A Supreme Court ruling means that the fees levied by Councils for sexual entertainment licences are not limited to the administration of the applications but may include the costs for enforcing licences.
Sex shop owner Timothy Hemming had argued that Westminster City Council's attempts to charge for the cost of enforcement went against European law and in May 2013, the Court of Appeal backed this view.
The Authority subsequently appealed and the Supreme Court has now overturned the original ruling. As a result, a precedent for allowing Councils to impose fees to cover administering and enforcing licensing costs has now been set.
In its judgment, the Supreme Court said there is no reason why a licensing fee "should not be set at a level enabling the authority to recover from licensed operators the full cost of running and enforcing the licensing scheme, including the costs of enforcement and proceedings against those operating sex establishments without licences".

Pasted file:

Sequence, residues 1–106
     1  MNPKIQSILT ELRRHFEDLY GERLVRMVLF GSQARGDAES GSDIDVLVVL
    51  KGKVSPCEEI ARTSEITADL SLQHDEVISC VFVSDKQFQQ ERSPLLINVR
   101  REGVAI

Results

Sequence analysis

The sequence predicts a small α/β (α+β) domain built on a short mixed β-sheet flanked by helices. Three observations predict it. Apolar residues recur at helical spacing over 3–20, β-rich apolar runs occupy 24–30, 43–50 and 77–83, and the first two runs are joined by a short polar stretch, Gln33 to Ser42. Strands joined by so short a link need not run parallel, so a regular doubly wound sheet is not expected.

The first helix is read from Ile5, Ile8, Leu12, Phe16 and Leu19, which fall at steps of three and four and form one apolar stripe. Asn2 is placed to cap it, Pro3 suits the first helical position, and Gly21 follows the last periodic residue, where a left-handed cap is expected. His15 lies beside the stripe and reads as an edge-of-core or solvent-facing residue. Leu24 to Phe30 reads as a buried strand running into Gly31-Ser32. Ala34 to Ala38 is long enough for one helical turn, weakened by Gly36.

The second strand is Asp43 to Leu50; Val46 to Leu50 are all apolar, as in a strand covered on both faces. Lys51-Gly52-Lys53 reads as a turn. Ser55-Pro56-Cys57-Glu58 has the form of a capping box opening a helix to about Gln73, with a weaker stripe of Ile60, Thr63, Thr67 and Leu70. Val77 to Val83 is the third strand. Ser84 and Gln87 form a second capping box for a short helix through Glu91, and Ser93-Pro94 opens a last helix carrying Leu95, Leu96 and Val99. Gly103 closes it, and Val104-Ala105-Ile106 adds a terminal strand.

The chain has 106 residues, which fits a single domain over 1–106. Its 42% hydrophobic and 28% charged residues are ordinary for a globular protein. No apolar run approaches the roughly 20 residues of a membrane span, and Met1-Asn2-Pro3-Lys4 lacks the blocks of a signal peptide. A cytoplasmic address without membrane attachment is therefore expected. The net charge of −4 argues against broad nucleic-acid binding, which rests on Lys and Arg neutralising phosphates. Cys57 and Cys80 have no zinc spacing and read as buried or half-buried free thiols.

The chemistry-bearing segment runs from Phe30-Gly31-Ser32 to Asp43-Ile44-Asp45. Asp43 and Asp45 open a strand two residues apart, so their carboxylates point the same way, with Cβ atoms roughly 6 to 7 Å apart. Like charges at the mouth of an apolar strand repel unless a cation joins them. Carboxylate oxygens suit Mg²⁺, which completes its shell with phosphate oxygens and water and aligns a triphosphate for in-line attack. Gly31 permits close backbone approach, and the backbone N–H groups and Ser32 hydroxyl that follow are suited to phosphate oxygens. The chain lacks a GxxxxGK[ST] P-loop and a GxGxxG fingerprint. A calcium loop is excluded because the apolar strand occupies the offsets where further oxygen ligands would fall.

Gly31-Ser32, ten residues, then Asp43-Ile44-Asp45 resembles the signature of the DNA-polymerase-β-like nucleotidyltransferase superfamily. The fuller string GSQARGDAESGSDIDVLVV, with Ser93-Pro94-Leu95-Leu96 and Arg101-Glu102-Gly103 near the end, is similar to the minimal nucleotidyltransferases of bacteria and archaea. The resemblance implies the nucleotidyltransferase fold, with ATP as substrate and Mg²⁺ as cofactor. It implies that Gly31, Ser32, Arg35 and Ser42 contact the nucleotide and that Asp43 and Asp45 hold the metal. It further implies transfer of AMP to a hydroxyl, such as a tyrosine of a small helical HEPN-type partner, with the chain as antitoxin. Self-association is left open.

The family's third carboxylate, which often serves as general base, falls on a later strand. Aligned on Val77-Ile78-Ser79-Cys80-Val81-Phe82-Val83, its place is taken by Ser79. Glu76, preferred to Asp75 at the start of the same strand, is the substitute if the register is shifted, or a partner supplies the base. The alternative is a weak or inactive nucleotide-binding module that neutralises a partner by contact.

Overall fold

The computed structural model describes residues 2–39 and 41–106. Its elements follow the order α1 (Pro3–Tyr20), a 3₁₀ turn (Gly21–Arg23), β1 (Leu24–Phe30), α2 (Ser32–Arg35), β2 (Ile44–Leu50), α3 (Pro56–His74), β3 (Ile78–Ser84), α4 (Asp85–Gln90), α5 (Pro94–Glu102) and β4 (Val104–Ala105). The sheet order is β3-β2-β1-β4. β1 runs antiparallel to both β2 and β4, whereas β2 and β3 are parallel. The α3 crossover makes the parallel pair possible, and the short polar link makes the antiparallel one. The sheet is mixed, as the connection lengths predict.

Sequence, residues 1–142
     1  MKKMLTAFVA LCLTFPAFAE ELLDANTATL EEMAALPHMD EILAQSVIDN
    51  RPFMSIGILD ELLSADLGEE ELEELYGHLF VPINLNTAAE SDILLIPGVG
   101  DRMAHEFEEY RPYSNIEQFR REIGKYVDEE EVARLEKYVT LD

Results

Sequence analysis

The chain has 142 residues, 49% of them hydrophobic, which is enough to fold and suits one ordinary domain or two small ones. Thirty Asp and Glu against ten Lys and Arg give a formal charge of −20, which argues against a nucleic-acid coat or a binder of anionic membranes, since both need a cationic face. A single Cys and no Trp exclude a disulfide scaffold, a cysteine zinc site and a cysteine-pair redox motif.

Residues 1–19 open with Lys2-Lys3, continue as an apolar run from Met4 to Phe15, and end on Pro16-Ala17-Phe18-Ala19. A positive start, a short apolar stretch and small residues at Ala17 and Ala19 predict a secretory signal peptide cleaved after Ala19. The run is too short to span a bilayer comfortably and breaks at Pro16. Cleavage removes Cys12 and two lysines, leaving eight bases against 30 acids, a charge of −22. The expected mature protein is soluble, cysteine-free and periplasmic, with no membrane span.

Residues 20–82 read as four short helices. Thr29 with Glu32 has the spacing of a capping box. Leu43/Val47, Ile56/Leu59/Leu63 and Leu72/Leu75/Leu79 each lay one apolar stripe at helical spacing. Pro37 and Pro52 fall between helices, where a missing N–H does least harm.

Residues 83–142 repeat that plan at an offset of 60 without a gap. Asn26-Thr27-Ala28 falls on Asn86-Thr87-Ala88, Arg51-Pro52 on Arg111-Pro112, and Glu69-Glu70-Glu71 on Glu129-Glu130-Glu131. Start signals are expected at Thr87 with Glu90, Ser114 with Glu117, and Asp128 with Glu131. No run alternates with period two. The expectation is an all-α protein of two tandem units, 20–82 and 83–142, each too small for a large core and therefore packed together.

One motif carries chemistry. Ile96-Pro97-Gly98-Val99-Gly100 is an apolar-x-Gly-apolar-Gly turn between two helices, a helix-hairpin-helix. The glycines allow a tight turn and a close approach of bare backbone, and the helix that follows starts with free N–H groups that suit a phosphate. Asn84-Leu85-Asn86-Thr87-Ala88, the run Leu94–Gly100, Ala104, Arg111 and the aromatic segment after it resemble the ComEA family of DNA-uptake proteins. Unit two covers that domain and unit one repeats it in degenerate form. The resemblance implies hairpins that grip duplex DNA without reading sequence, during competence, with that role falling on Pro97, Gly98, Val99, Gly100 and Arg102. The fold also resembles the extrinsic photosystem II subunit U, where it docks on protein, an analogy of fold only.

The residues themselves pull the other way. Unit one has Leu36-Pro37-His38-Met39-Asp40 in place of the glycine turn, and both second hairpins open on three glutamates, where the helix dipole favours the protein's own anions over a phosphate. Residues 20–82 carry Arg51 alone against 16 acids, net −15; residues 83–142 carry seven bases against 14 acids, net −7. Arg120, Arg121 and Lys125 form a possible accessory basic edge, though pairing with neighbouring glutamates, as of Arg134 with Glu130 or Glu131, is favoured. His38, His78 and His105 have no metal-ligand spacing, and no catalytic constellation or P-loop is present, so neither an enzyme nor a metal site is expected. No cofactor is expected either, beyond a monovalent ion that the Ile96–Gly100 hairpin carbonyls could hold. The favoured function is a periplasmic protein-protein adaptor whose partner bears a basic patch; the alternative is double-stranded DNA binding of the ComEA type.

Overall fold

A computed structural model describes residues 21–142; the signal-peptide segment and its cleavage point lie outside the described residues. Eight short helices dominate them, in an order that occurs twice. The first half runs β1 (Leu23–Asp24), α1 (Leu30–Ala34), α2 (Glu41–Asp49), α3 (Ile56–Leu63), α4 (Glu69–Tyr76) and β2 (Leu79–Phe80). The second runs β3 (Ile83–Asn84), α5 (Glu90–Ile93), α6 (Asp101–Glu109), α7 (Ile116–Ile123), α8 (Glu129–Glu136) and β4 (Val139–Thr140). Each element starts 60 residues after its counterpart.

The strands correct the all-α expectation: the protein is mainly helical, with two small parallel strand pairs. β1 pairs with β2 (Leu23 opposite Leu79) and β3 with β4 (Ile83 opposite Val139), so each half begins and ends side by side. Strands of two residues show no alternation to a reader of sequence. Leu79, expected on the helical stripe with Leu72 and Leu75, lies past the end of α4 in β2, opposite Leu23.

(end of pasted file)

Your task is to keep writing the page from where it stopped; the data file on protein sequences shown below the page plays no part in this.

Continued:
Nickie Aiken, cabinet member for public protection at Westminster City Council, has welcomed the court's decision, saying "it is only right that a council should be given the freedom, authority and tools to keep illegal activity off of our streets".
Nevertheless, the question of whether a charge should be made on application remains unresolved and has been referred to the European Court of Justice (ECJ). Mr Hemming had been charged £29,435 in 2011-12, of which more than £26,000 would have been refundable if the application had been turned down.
Westminster City Council has confirmed it will await the European court ruling on how it collects fees and adjust its practices "wherever we need to do so".
Kate Nicholls, chief executive of the Association of Licensed Multiple Retailers, believes this could be some way off, telling the Publican's Morning Advertiser it could be up to 18 months until the ECJ rules on this particular issue.